So far, however, we have only covered games that draft cards, but some games draft other resources. I would argue that many tile laying games are drafting games. Alhambra drafts buildings that score based on how you place them into a tableau. Of late we have seen the rise of dice drafting. Quarriors popularised this style of play that eventually was reshaped into the hugely successful Dice Masters series. Dice not only contain the advantage of drafting a resource, a die can be multiple resources with an unknown outcome. In Dice Masters the die acts as energy for drafting other dice and acts as the character you need for battle. Games that have taken the theme down other avenues include one of my personal favourites Blueprints. In Blueprints you are constructing buildings and trying to draft necessary colours and pips and looking to place them in optimal scoring positions. It’s like 7 Wonders where the die you draft will score based on what it is, what number is showing, and how you place it into your building. Other games to run with the versatility of dice includes Roll player and Sagrada.


Pure drafting seems too limited to support a game on its own. Games like 7 Wonders and Sushi Go are the stand out achievements, but it is questionable if a glut of games following the drafting mechanic as strictly as these games will occur. From my exploration, I think drafting will prove an invaluable mechanic for many games to come due to how versatile and adaptable it is as part of a system of mechanics. I suspect that dice and tiles will be only a few of the forms this mechanic will take in the future. But before I leave this discussion here, I want to offer some of my favourite drafting games as recommendations and why I enjoyed them. They are most likely games you have played before, but it may be a good reason to go get them to the table again.


Among the Stars: I only recently acquired a copy of this game. It’s inexpensive and offers a theme I find almost irresistible. Building a space station is fun and trying to get all the different types of buildings into my station requires careful consideration as I balance cards that score immediately, cards that score at the end of the game, overall objectives, and player abilities. It offers a great deal of depth with card placement while still making the draft the main focus.

Eminent Domain: This could easily be called a deck building game, but the drafting element is the fun part for me. Again the theme is one of my favourites. Set in space you are exploring worlds and forming colonies, conquering planets, developing technologies and much more. To perform your desired action for each turn you must draft the corresponding card to that action. This is great because the strength of your action is determined by the number of cards you play. For example, I want to colonise a planet and it requires 8 cards. I play 3 "Colonise" cards and must draft one from the centre resources proving me with an extra card to go towards my action. The more I draft the more I can do that action as I get those cards into my hand. This is great as you start to get a pace to your play. But this deceptive forced drafting mechanic also begins to clog up your actions each turn. To be competitive you will need to do more than just one action each turn and so getting other ability card str hand is important. Yet the forced drafting can clog your hand up and slow you down if you are not careful. It requires some careful play and provides for a great challenge.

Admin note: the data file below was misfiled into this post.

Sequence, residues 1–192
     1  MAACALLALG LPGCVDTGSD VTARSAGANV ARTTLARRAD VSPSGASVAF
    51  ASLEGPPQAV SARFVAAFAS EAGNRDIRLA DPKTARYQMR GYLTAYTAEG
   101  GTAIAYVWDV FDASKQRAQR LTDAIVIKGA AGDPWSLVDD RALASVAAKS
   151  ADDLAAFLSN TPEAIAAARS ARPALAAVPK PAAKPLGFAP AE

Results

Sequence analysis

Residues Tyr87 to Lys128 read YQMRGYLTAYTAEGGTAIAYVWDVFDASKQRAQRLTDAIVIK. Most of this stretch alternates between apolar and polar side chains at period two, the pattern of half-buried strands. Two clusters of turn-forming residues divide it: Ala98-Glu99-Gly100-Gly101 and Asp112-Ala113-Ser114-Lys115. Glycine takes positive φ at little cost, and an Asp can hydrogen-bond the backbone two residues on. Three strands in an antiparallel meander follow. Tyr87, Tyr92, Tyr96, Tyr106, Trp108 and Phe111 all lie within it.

Roll Player: is a wonderful dice and card drafting game where you are building the perfect adventurer. Throughout the game you will compete to get the best colours, right number of pips, and get them into the right spots on your player board. It may be a point salad game, but it is also a tricky brain burner and a great deal of fun.

Biblios: Is a simple game that is played over two phases. The draft phase is simple yet unique. Each player gets a card and you decide. One for you, one for the bidding pile, and one for each player. The only problem is that you can only draw one card at a time. As you draw you are trying to collect sets of cards, but you have no idea if the card you are taking is the best card you will draw or of the next card will be better. It creates great tension in the draft, but also adds a good mix of how information is shared. The second phase the cards drafted into the bidding deck are auctioned off. Now you know what cards you put in there, you know what cards you are collecting and you have some insight of what cards your opponents have from each of your turns. There is enough known information to make small deductions, but enough hidden information to make you question everything you know.

I hope that is impetus enough to go out and play some good drafting games. Of course, if you are looking for some great games our sponsor, TheBig Game Theory, can help you with all your gaming needs.